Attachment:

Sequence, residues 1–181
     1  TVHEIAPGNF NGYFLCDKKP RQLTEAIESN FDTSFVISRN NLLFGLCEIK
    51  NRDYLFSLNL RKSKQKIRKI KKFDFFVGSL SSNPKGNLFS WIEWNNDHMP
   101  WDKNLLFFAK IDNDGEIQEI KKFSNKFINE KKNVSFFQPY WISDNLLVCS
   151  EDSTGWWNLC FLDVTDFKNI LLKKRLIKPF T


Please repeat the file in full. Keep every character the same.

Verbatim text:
Sequence, residues 1–181
     1  TVHEIAPGNF NGYFLCDKKP RQLTEAIESN FDTSFVISRN NLLFGLCEIK
    51  NRDYLFSLNL RKSKQKIRKI KKFDFFVGSL SSNPKGNLFS WIEWNNDHMP
   101  WDKNLLFFAK IDNDGEIQEI KKFSNKFINE KKNVSFFQPY WISDNLLVCS
   151  EDSTGWWNLC FLDVTDFKNI LLKKRLIKPF T